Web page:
Essay on Sources of the British Constitution
Number of words: 736
British Constitution has evolved through history by its unusual nature of being an ‘uncodified’ constitution depicting the relativity stability of the British polity. Over the years the Crown has been the source of power and influence. The defining principle of the British Constitution has been regarded as parliamentary sovereignty. Nevertheless, the British Constitution is comprised of:
- Statute Law – this constitutes the highest form of law, passed by an Act of Parliament and enforceable in courts. However, many statutes do not explicitly manifest principles influencing the constitution while others do as they dictate how the country is governed and how citizens relate with the state. For instance, the Freedom of Information Acts 2000. In summary, public authorities including hospitals are required to disseminate data and information to the public. (Tieges et al., 2021). This occurs in two ways, that is, either public authorities publish certain information concerning their activities or the public request the information they are entitled to, from public authorities. Others include Equity Act 2010, Human Rights Act 1998, among others. Therefore, the parliament passes such acts which start as bills presented by the Lords or Commons.
- Common law – also known as case law, is law made by judges in courts through cases. In this law, the judgments made by one law court regarding a particular case, ought to be enacted by other law courts when faced with a similar case. Such a law system is different from the civil law system where judgments are made based on predefined texts and statutes. This law does not originate from the legislative process but rather depicts the wisdom of the past where the judged enroll to such legal precedents (Rozenberg, 2016). Therefore, in applying principles of the old to new cases, modern needs are accommodated by judges establishing the common law. For instance, a crime is considered an offense by virtue of judges treating it as a crime under common law.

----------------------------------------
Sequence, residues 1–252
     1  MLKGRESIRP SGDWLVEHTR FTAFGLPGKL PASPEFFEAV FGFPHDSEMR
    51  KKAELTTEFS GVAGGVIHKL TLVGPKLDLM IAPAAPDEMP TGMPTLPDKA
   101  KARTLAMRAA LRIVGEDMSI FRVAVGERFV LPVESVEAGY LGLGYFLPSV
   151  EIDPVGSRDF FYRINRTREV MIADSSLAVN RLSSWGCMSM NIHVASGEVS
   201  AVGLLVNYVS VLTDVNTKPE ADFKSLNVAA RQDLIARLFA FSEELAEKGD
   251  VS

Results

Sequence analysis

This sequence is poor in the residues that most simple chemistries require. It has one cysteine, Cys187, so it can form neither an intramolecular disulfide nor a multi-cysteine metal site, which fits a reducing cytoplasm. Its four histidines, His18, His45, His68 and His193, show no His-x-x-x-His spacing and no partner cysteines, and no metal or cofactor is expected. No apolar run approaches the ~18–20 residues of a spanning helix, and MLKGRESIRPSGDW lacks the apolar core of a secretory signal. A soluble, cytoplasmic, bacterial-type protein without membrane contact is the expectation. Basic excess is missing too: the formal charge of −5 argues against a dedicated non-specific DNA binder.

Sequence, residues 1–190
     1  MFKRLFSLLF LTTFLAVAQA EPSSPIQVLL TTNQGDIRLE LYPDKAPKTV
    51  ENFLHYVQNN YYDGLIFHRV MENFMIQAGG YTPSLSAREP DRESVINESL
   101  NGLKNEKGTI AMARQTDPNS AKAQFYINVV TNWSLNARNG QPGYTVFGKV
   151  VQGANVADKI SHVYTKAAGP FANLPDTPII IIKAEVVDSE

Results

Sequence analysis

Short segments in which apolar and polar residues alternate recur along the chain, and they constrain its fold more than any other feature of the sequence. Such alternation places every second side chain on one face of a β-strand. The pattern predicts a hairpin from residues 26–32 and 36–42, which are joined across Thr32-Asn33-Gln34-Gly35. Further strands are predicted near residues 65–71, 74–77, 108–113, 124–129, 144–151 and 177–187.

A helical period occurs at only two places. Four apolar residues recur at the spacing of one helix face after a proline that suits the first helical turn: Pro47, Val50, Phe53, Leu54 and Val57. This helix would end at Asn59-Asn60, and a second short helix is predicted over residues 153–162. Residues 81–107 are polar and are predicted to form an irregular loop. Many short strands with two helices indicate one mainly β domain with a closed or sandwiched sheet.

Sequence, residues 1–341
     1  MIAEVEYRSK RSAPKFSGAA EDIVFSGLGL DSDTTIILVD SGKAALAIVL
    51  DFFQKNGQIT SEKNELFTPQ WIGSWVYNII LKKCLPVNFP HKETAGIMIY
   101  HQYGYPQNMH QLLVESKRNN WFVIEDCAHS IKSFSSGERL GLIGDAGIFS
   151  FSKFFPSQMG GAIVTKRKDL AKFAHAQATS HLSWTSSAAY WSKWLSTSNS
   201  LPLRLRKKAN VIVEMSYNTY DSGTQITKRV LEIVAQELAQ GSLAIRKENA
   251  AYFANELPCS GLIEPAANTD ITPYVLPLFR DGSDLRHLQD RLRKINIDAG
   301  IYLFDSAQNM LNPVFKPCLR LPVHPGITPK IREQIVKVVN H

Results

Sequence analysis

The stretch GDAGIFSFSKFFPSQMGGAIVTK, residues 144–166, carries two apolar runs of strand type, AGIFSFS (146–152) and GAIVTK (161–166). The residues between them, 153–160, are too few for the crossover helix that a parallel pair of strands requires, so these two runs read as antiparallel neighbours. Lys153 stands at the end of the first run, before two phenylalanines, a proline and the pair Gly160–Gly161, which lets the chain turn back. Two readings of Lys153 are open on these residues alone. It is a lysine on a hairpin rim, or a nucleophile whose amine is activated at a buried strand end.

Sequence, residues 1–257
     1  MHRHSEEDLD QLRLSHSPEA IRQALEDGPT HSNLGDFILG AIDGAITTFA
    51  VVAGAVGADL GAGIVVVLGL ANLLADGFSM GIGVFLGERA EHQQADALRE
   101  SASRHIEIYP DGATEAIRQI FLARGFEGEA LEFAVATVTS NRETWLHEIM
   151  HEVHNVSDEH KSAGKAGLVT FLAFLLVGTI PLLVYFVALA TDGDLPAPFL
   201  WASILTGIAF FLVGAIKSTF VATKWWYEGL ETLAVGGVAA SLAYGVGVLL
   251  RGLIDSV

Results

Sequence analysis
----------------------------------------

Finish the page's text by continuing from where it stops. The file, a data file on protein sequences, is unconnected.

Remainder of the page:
- A convention constitutes regular practices that are considered appropriate in certain circumstances. Constitutional conventions comprise a set of rules developed over time by traditions and unwritten practices and relate to the business of governing. Conventions are not legally enforceable. Besides, there are no predefined directives conventions, convections are not recognized in courts, and no punishments for breaking conventions. Conventions have made the constitution dynamic, brought about limited monarchy, and make the administration democratic. For instance, conventions related to commonwealth state that commonwealth membership is voluntary, and convention-related to cabinet state that from the House of Commons, a prime-minister is take to lead the cabinet, and the cabinet operates based on the principle of political homogeneity (Ahmed et al., 2019). In this regard, conventions serve as a crucial source of the British Constitution.
- Major works of authority. This constitutes works written by scholars and theorists which act as guidelines and with wide recognition they are considered authoritative. Such works are the closest to a written account of how the constitution operates. Walter Bagehot’s The English Constitution (1867) and An Introduction to the Study of the Law of the Constitution (1885) by A.V Dicey are examples of such works (Torreggiani, 2018). Although works of authority may not be legally enforced, they act as reference points on how the constitution should run.
- EU law and treaties. Over the years UK has remained subject to European laws and treaties which have over time conflicted with the UK law thereby questioning parliamentary sovereignty. As a result, the conflict has resulted in the UK formally exiting the EU. Before, EU law would take precedence in conflict arising between UK law and EU law. However, with the UK exiting the EU, constitutional changes are imminent.
Ahmed, F., Albert, R., & Perry, A. (2019). Enforcing constitutional conventions. International Journal of Constitutional Law, 17(4), 1146-1165.
Rozenberg, J. (2016). Is English common law at risk of becoming out of date?. BBC News. Retrieved 23 February 2021, from https://www.bbc.com/news/uk-35883590.
Tieges, Z., Lowrey, J., & MacLullich, A. M. (2021). What delirium detection tools are used in routine clinical practice in the UK? A Freedom of Information investigation of UK hospitals. medRxiv.
Torreggiani, V. (2018). Corporatism and the British Constitutional Heritage: Evidences from the History of Ideas. Estudos Históricos (Rio de Janeiro), 31(64), 151-172.